You’re about to make your cabaret debut at Sterling’s Upstairs At Vitellos after being victorious in the “L.A.’s Next Great Stage Star 2010” competition. Can you tell us something about the competition?

The competition was a whirlwind! It really felt like my senior thesis in performance.  I am so glad I had my experience in class with Parmer Fuller and John Rubinstein and that Michael Sterling produces such a magnificent opportunity for young performers such as myself.

What plans do you have for your cabaret act, which you entitled Rhapsody In New?

May 15th is going to be a very exciting day. It’s literally the day after graduation, my entire family is going to be here, as well as my beloved instructors and I hope to present a show I have carefully crafted to be more than just a stand and sing.  Rhapsody In New is going to be beloved Broadway songs like you’ve never heard them before. I want to make my people proud, but more than that I want to show what Janet Krupin has learned to do with a mike, a piano, and an hour. I cannot wait for everyone to see it!

You’re still a senior at USC and already have your Equity Card in your wallet. Future plans—Los Angeles or New York? What’s the next step for you?

I am thrilled to say, as I imagine any college senior would be, that I have some really exciting cards on the table.  The future is now, and thanks to my family, and my magnificent friends and support network, I feel ready.  As for location?  New York, Los Angeles… the moon and the sky and the stars. I’d love to pull a Lesli and have cause to head for London! Wherever hard work and song take me!

Five years from now, where do you hope to be career-wise?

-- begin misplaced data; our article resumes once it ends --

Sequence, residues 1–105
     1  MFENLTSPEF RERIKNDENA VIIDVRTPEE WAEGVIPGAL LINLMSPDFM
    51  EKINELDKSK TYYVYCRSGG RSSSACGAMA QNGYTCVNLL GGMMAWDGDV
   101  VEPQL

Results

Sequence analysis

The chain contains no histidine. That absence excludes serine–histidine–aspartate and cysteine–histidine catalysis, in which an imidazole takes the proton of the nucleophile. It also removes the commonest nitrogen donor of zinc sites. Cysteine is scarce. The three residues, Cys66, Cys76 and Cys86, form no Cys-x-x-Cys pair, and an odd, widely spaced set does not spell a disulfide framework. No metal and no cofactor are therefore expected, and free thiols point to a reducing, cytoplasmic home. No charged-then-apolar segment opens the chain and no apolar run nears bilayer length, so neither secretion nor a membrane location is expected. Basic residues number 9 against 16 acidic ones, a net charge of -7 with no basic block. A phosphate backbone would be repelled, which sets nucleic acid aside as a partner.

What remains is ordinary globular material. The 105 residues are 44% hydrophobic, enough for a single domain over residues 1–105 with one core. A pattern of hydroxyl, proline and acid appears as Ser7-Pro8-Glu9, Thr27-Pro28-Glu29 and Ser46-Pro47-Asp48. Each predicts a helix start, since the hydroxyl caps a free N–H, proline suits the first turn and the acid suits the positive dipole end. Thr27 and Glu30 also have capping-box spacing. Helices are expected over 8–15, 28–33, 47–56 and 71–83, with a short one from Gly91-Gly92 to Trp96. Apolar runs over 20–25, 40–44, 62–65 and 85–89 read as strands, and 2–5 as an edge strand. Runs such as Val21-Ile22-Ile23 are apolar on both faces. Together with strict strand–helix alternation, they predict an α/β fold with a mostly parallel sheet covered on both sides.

I hope to be well on my way to a career in performance and storytelling. Hosting SNL wouldn’t be a bad gig either!

Thanks so much Janet for taking the time to fill us in on your professional life! I can’t wait to be there for Rhapsody In New!

Thank you, Steven!! For doing what you do, and doing it well.

SATURDAY, MAY 15, 2010:  JANET KRUPIN, winner of LA’s Next Great Stage Star 2010 … the most coveted title in Los Angeles musical theater, makes her solo concert debut at Sterling’s in Rhapsody in New with musical direction by Michael Alfera.  Ms. Krupin, who wowed a panel of thirteen Los Angeles theater industry professionals and an overall audience of 750 who judged six consecutive weeks of the theater talent competition –  was unanimously awarded …Stage Star’s 2010 title on January 10. As this year’s winner, she received a $1000 cash prize; a paid headlining engagement at Sterling’s Upstairs including a luxurious Suite, dinner for two at “Californias” Restaurant and an overnight stay at the famed Sheraton Universal Hotel located adjacent to Universal Studios. Additionally, Ms. Krupin received private auditions for three of the Southland’s most prestigious producing organizations: Rigby/McCoy at La Mirada Theatre for the Performing Arts; Cabrillo Music Theatre at the Fred Kavli Theatre/Thousand Oaks Civic Arts Plaza; and Musical Theatre West at the Carpenter Center in Long Beach, CA.  The week after her win, she was also awarded her first Equity Principal contract and a co-starring role in Bark! The Musical at the Civic Light Opera of South Bay Cities at the Redondo Performing Arts Center. The 21 year old, soon-to-be (May 14) graduate of USC, promises a spectacular show of Broadway’s most beloved songs like they’ve never been heard before.